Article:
Bruce Springsteen is big.

He is a big rock and roll star. He writes big songs about big ideas. His songs are expansive. Encompassing. Explosive. Gothic. Grandiose.

Big.

In 1975, Springsteen released the big Born to Run, a signature, seminal album filled with creation fables, escape stories, and tragic tales of redemption and retribution. It was the biggest selling album of his career to date, it put him on the cover of Time and Newsweek magazines at the same time, and he and the E Street Band toured the world for much of 1975 and 1976.

When it came time to record a follow-up to Born to Run, Springsteen could have tried to copy the template and success that brought him worldwide attention and acclaim, or he could have done something different. He did something different. And big. In 1978, he released the brilliant, comparatively dark and moody, Darkness on the Edge of Town album.

Though still firmly rooted in the mythic landscape of Springsteen’s home state of New Jersey, the new album reflected what he had seen traveling around the world, and the impression the barren desert of the American west made on him.

“The Promised Land” kicks off side 2 of Darkness on the Edge of Town, and the listener is already drowning in melodic hopelessness, tinged with just a touch of love, adventure and intrigue. And then we hear a loud double tap on the snare drum, and Springsteen wails away on the harmonica, sounding like a cross between Woody Guthrie and Sonny Boy Williamson.

“On a rattlesnake speedway in the Utah desert
I pick up my money and head back into town
Driving ‘cross the Waynesboro county line
I got the radio on and I’m just killing time
Working all day in my daddy’s garage
Driving all night chasing some mirage
Pretty soon little girl I’m gonna take charge.”

This same, nameless hard working, blue collar leading man appears in many of Springsteen’s songs. Nine to five jobs that don’t pay enough. Weekends that don’t come soon enough. Cars that don’t drive fast enough. Dreams that don’t come true.

“The dogs on Main Street howl
‘Cause they understand
If I could take one moment into my hands
Mister I ain’t a boy, no, I’m a man
And I believe in a promised land.”

He recognizes who he is, and where he is at. But there is opportunity, and he has to take that opportunity into his hands. He believes.

“The Promised Land” was never a huge hit, but Springsteen plays the song at almost every single E Street Band concert. It speaks to us all. Springsteen is writing with each and every one of us in mind, as recognition of where we are trying to go and what we are trying to do.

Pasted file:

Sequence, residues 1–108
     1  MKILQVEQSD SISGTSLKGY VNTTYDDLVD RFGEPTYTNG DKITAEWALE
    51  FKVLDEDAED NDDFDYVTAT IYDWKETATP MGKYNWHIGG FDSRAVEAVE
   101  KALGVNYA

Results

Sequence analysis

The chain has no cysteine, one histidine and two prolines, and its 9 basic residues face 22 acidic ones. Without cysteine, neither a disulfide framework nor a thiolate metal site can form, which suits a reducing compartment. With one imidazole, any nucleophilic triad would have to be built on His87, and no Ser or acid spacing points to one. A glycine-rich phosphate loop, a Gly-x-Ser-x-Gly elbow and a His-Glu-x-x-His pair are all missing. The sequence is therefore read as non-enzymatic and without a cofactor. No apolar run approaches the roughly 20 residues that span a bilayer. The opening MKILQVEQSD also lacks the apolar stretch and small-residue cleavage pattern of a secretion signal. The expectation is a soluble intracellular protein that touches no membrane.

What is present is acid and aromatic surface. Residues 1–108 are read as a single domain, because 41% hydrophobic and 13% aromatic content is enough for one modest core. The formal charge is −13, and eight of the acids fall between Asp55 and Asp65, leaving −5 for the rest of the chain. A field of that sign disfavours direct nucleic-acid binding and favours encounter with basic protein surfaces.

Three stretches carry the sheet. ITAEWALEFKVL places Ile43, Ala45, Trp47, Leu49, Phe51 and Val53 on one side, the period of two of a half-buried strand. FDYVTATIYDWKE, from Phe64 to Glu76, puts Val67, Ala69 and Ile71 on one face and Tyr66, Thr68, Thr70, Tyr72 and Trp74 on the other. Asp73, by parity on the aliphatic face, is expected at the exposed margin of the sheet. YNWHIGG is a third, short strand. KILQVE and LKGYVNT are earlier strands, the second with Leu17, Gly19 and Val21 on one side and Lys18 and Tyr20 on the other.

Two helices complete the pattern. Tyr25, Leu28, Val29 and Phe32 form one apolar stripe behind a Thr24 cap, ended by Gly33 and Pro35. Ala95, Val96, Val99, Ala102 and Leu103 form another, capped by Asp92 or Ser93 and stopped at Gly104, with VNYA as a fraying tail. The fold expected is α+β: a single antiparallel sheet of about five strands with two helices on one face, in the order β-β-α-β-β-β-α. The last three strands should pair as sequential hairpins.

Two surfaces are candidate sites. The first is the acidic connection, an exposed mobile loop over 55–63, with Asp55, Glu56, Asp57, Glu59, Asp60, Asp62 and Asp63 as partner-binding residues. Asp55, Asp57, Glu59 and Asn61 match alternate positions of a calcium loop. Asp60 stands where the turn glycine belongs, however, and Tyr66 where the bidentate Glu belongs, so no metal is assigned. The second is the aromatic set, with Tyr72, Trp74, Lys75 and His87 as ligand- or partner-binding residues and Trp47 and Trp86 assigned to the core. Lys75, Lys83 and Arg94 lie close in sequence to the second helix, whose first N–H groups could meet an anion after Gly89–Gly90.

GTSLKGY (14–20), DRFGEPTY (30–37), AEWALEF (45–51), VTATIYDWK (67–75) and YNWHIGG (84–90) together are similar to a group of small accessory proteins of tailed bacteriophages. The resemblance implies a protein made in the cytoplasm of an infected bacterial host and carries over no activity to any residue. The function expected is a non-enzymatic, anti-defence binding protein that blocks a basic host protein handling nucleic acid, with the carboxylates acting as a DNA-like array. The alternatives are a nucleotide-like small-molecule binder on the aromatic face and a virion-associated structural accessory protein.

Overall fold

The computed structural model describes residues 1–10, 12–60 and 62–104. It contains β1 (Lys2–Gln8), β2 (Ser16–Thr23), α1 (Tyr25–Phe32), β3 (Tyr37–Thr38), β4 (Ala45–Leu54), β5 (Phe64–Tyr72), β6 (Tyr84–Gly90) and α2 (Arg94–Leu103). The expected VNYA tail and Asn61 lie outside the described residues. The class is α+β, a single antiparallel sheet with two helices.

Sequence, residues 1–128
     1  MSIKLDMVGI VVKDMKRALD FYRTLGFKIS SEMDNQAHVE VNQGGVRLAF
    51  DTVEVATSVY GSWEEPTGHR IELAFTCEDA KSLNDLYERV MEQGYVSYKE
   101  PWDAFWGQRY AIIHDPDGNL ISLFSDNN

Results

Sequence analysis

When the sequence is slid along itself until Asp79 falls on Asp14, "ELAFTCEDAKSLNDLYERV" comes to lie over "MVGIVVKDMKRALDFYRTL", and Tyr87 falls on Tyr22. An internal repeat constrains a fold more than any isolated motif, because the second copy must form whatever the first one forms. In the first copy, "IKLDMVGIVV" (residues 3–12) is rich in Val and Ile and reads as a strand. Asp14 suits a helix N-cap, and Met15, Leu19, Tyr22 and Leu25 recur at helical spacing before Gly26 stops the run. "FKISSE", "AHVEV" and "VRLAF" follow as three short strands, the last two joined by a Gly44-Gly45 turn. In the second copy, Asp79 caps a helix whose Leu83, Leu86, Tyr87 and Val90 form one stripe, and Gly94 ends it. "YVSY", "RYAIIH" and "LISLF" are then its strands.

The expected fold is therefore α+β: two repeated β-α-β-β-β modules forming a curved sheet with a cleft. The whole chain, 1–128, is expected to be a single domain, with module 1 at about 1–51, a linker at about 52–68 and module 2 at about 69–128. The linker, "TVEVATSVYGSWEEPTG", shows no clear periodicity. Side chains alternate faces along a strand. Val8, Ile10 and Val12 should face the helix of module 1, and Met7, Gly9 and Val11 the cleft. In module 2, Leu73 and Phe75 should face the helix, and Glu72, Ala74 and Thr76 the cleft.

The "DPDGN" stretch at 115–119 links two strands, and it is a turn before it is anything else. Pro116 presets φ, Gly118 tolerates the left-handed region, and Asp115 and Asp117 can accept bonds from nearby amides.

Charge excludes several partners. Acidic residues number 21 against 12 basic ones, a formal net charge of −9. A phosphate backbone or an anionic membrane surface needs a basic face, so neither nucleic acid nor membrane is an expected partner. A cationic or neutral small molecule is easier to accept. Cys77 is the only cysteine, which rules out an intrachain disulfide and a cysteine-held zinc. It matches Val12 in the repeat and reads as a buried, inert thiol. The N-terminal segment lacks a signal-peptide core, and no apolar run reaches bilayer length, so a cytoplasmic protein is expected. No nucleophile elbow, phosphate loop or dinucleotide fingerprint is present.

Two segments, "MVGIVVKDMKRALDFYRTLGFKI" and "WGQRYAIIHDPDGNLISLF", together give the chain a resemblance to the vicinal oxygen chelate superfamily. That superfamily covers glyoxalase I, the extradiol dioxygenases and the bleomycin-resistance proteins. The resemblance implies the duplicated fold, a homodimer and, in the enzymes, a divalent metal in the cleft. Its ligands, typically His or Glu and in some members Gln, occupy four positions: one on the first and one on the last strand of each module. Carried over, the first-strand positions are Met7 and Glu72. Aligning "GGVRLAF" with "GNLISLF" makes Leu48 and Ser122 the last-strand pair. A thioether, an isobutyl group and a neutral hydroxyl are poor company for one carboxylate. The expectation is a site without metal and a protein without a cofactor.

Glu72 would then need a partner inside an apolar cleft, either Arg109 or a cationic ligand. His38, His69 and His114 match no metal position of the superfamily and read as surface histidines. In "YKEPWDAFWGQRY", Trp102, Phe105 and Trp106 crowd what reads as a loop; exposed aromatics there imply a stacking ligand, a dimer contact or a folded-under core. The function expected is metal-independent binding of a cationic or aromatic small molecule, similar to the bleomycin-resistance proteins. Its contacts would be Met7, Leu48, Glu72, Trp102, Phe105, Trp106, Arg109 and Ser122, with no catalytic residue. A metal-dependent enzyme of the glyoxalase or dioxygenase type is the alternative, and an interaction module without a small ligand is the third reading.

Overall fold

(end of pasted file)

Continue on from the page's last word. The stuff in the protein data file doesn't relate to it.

“I’ve done my best to live the right way
I get up every morning and go to work each day
But your eyes go blind and your blood runs cold
Sometimes I feel so weak I just want to explode
Explode and tear this whole town apart
Take a knife and cut this pain from my heart
Find somebody itching for something to start”

In concert, the 30,000 audience members become one. Fists are raised in the air. A massive, singular voice chants along with Bruce as he speaks a truth every single audience member identifies with and understands. We chant. We sing. We dream.

The photo at the beginning of this article was inspiration for Bruce as he was imagining what it must be like to live, every day, in the middle of the sand and sky, dreaming about something else, some place else. Bruce describes this very image in the lyrics of “The Promised Land.”

“Well there’s a dark cloud rising from the desert floor
I packed my bags and I’m heading straight into the storm
Gonna be a twister to blow everything down
That ain’t got the faith to stand its ground
Blow away the dreams that tear you apart
Blow away the dreams that break your heart
Blow away the lies that leave you nothing but lost and brokenhearted”

At the opening of Springsteen’s recent Springsteen on Broadway show, he said “Now I’ve never held an honest job in my entire life. I’ve never done any hard labor. I’ve never worked nine to five. I’ve never worked five days a week until right now. I don’t like it. I’ve never seen the inside of a factory and yet it’s all I’ve ever written about. Standing before you is a man who has become wildly and absurdly successful writing about something of which he has had absolutely no personal experience. I made it all up. That’s how good I am.”

That line gets a big laugh and around of applause, but of course he’s wrong. He’s wrong and he knows it. Bruce stared into the dark cloud, and plowed right through it. With faith, courage and passion, he stood his ground and walked in our shoes. He imagined a life different than his. Better. Worse. Take your pick.

We all have dreams to remember, to share, and we all have a promised land of our own. Skittering just beneath that dark cloud rising above the desert floor.


“The Promised Land”
Written by Bruce Springsteen
Performed by Bruce Springsteen and the E Street Band
Released October 1978

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